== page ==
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UFO Magazine. Page 26 of 50.

heads are missing." I thought from the way Beryl spoke she probably exaggerated things; although I had read in some UFO magazines I had purchased to research this work of them kind of activities.

I decided to err on the side of caution, because as a tobacconist Beryl had them same magazines racked-up on her shelves. I thought she might have been reading too many of her shop's contents.

I inquired as to whether there was any unidentified lights or traffic in the skies around this way? UFOs maybe! As I posed that question to them a gentleman entered the shop; the bell above the door exploding as he did so. He caught the last part of my inquiry and sought clarification. I repeated my words, and he said, as he purchased twenty Marlboro and counted out the money for Beryl: "The UFOs play chase." I badgered him.

I asked who played chase?, as he placed his cigarettes in his pocket and began to leave. "The military and whatever they are." I told him that sounded cryptic! He informed me that when your knowledge of a thing limited, it would always be cryptic.

I encouraged him to describe events. He thought about it a second, then replied casually: "In the early hours there's activity; out across hills beyond village.

You sometimes see a configuration of lights, normally three little red ones, and a central white one. The UFOs move slowly over land as though searchin' for somethin'. After that, army ones comes in, helicopters mainly. I've seen them fly formation, three, sometimes four at a time.

They hang around for at least an hour or so, then quickly disappear back over horizon. It's a right game!" I thought his statement genuine, although I never had an explanation for it. He never appeared to construct his tale, as most was told extemporaneous.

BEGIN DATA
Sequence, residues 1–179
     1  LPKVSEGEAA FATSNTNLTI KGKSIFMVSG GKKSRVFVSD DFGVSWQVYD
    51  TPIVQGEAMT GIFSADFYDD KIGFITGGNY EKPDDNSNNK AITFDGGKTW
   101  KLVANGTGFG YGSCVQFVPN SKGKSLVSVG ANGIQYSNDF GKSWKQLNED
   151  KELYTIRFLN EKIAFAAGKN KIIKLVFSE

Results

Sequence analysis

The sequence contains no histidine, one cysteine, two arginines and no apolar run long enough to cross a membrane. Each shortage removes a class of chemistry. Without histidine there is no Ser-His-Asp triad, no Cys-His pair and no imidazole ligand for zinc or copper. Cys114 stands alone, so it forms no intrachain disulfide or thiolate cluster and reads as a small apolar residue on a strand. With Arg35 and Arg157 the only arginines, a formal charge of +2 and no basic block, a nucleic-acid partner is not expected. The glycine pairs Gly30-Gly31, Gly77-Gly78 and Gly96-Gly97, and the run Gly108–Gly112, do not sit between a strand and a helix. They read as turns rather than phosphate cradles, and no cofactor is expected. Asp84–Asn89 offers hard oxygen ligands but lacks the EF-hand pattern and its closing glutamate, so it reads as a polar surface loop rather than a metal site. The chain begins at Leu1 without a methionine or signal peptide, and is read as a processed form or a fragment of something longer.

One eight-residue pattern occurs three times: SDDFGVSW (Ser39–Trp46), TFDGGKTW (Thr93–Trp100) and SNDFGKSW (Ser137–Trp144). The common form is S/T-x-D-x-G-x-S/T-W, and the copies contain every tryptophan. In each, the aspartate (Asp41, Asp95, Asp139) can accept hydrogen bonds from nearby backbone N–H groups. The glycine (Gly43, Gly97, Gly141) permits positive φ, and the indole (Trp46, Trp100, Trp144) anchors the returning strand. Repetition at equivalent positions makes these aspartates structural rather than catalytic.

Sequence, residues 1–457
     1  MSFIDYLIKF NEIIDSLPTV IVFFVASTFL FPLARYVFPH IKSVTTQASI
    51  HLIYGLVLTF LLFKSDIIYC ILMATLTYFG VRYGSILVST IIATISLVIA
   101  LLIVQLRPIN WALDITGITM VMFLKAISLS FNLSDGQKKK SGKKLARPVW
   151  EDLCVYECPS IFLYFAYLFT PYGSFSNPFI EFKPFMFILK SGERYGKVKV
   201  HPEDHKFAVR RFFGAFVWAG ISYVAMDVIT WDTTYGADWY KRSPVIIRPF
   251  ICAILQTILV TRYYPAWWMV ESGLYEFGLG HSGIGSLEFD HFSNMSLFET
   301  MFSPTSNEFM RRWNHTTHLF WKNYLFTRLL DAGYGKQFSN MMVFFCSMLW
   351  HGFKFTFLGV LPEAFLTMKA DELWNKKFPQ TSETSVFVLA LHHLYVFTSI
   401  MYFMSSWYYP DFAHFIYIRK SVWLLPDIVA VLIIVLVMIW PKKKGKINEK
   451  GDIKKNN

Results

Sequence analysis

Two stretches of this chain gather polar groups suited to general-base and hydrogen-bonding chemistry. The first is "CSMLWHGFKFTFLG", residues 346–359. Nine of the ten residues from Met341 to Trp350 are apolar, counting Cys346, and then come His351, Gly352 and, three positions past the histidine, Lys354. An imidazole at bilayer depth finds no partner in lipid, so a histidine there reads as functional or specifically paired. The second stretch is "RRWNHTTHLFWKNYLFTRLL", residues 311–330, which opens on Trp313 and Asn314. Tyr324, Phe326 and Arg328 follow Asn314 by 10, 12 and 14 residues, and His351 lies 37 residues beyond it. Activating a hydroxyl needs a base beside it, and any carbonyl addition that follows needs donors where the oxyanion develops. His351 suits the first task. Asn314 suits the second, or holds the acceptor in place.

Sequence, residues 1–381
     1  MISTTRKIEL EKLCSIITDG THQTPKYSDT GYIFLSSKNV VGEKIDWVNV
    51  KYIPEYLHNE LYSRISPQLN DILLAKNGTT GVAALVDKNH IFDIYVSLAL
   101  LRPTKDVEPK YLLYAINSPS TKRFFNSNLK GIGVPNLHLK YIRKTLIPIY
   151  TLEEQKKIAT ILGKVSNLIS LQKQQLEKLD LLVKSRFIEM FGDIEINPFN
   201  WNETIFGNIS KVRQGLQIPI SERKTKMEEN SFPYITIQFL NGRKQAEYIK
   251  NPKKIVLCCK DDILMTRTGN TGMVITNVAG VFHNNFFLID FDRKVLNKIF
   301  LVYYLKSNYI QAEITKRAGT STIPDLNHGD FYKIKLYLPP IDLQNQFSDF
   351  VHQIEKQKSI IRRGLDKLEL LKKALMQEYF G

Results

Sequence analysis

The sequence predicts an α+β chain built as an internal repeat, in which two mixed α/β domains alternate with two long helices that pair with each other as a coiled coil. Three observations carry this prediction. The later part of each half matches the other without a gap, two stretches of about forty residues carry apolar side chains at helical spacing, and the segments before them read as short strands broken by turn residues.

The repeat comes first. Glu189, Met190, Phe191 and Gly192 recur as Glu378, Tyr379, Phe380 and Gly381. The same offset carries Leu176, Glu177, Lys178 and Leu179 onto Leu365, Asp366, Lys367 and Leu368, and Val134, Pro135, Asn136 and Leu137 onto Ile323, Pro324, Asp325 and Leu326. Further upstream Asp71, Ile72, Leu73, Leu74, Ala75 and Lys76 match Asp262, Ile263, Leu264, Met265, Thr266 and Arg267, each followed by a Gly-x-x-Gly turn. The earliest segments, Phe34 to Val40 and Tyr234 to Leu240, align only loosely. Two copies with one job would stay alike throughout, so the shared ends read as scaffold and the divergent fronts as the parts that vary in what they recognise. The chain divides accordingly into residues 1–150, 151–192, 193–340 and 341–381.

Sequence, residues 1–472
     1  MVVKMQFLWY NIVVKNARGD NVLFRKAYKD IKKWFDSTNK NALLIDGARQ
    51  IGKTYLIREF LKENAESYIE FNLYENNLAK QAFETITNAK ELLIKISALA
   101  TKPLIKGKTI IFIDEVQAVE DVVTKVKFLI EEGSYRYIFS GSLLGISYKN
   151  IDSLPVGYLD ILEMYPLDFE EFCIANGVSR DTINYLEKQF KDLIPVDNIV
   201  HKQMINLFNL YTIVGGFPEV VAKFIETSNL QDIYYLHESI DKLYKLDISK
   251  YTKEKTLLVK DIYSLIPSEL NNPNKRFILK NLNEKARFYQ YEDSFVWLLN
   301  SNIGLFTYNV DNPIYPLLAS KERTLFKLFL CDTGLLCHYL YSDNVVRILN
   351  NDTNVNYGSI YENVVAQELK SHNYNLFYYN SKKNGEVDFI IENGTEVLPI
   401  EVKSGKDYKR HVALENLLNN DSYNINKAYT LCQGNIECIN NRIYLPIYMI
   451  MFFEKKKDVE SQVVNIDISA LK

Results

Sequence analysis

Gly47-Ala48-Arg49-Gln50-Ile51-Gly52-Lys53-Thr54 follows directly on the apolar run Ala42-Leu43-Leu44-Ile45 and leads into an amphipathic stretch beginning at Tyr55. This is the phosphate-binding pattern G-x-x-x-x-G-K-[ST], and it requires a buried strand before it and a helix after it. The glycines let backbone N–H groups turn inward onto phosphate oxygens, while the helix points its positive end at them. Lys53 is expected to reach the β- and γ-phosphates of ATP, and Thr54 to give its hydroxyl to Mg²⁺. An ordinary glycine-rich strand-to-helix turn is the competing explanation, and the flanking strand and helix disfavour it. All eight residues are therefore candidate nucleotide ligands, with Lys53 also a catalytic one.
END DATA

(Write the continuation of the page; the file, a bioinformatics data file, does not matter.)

He even suggested I had a word with a guy known as Jack Spiller: (Name change), and he would put me on the right track. I asked if this Jack person worked local?, which seemed to create spontaneous laughter amongst them. I failed to observe the joke.

I looked to the four of them for an answer. "Does E work local, that's a good'en," said the man as he ripped open the shop door. Beryl was still highly amused by my assessment of this illusive character.

She said, still smiling Jack Spiller was a village local, went off to join the army about twenty years ago and returned back here about four years since. She said Jack now lived at his parents' old cottage since they sadly passed away, and made his living catching things! I asked, rather naively what sort of things? Beryl said fish mainly, salmon, trout and the occasional deer.

I said, she meant he was a poacher? Beryl informed me they didn't see it that way, Jack only caught what he needed, and everyone locally got a bargain. "Besides," she added: "What he takes comes off Lord Xs' huge country estate, and he wouldn't miss the bit Jack took." I asked her if Jack was in the pub most evenings.

Beryl assured me Jack was in the pub every night. She said Jack liked his pint, but wasn't a drunk. I thanked them kindly for their assistance, and insisted I would keep Jack in mind, if I decided to head back this way. I left the village armed with directions and moved directly out to Paula's place.

What I found was a collection of old farm buildings, three in all, neatly renovated, that now looked modern, only with an aesthetic feel to them. They were grey stone, their windows and roof had been replaced - and inside, of a more architectural construction for modern life.

Most of the original timbers remained, as did an old grate fireplace and oak pillars. Yet the rooms had been knocked through and modern furniture applied. I complemented Paula as I crossed the threshold.

She had greeted me on the doorstep, warmly, with a simile and handshake, then invited me inside. She apologised for her husband not joining us, and made what I thought was an excuse.

Paula said he had to visit the city on business. But the way Paula's eyes distanced themselves from me, I felt he had abandoned her. I thought maybe he never believed her version of events. We both walked directly through her home, out back to a massive kitchen area of recently fitted hardwood, and dark brown units.

I could witness from the kitchen window large tracks of open fields, the countryside lifting and falling beyond, and Paula's two dogs wrestling each other in some playful doggy banter. They were two golden retrievers and

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